So what can you expect, and what will the changes mean in context? Here are five of the most interesting things about the News Feed's new look and feel.
1. Your News Feed will look very different overall.
While Facebook has made some big interface changes in the past (a la the Timeline), the News Feed has looked pretty much the same for a while. Now, Facebook is focusing on streamlining the News Feed interface, reducing clutter and making everything look fresher and brighter. It's pretty impressive. Photos, especially, will look better and bigger, which gives businesses new reason to focus on images as they update their Facebook presence.
"With Facebook's move to larger photos and video thumbnails, businesses will now need to focus more on presenting stunning, compelling visual content more than ever," said Jake Wengroff, founder of social business consultancy JXB1. "With the rise of Pinterest and YouTube, companies have clearly recognized the value of quality photos and videos, and with Facebook now providing more dedicated real estate to these digital assets, even more of an emphasis -- and more time and dollars -- needs to be spent on presenting a company's products and services visually."
[ Does Facebook's News Feed makeover take a page from Google+'s book? Facebook's New Look Pays Homage To Google+. ]
2. You will have a choice of feeds.
With the new News Feed, you will be able to choose from among several feeds dedicated to specific content, including music, friends, people and organizations you are following and photos. This was a very smart move on Facebook's part because many users have been expressing frustration about News Feeds laden with so many promoted posts, suggested pages and updates from all those brands they have liked that it was hard to discern content they actually wanted. But beyond reducing clutter, the new vertical feeds should also make the Facebook experience more productive for users overall.
"The Facebook News Feed changes are designed to improve user interaction," said Ari Lightman, professor and director of the CIO Institute at Carnegie Mellon University. "They are creating more levels of personalization for users as opposed to putting everything in the News Feed and having an EdgeRank algorithm try to assess what is important for its members. That [model] is meeting with resistance as interaction and number of friends and pages grows. Members are simply missing things that they might deem important, and sponsored pages are having a difficult time getting users' attention in a morass of content."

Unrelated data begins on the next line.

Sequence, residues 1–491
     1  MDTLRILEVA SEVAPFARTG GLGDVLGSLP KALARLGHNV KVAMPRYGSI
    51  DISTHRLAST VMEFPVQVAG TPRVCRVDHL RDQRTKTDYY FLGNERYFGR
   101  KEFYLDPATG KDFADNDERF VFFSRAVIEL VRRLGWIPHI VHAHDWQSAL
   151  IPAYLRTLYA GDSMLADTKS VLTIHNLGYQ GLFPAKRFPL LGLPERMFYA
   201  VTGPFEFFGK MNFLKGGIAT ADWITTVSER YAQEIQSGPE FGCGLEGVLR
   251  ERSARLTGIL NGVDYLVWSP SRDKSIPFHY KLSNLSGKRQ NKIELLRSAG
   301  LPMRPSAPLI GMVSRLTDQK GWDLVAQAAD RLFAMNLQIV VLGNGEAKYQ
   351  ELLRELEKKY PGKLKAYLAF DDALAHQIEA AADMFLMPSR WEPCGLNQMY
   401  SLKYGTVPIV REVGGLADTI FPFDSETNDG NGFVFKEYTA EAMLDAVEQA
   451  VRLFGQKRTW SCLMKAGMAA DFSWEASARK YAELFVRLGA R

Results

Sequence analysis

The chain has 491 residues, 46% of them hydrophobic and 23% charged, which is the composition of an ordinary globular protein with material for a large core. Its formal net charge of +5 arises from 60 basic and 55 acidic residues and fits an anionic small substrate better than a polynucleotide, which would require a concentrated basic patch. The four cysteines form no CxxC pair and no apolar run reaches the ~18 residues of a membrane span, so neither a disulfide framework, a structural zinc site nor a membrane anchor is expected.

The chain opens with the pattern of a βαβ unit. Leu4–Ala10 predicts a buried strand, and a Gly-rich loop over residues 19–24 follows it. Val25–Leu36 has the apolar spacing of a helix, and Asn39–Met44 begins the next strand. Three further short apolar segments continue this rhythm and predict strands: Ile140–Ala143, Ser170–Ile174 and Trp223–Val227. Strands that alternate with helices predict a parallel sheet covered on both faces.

3. Mobile is no longer Facebook's red-haired stepchild.
Facebook has not been known for its mobile strategy, but with this redesign it has taken a "mobile-first" approach, ensuring that the News Feed looks as good and works as well on smartphones and tablets as it does on PCs. With the number of smartphone and tablet users increasing, and with users continuing to live more of their lives on these devices, this change was critical to Facebook's future.
4. Time is on users' side.
Facebook will still make some decisions for you (in terms of what content it thinks you want to see and from whom), but more content will be displayed chronologically rather than by what Facebook deems "Most Important."
5. Facebook has taken Google+ cues.
As InformationWeek's Tom Claburn noted today, Google+ Circles seem to have had some influence on the new News Feed design. One thing people really like about Google+ is that with Circles, you can categorize your social presence like you do your life. For example, you may share some content with people in your Professional circle and other content with people in your Friends circle. It's not totally clear to what extent you can drill down into your Facebook friends with the new News Feed, but it appears that you can share content specifically with "Close Friends," as opposed to "Acquaintances." Facebook will have to do a lot better than that to convince people who find the network unprofessional to participate, but it's a start.
Facebook will be rolling out the new News Feed during the next few weeks. You can also try and get it earlier by signing up for the waiting list (at the bottom of this page).
Are you looking forward to the new News Feed? Do you think it will change the way you or your organization use Facebook? Please let us know in the comments section below.
Follow Deb Donston-Miller on Twitter at @debdonston.
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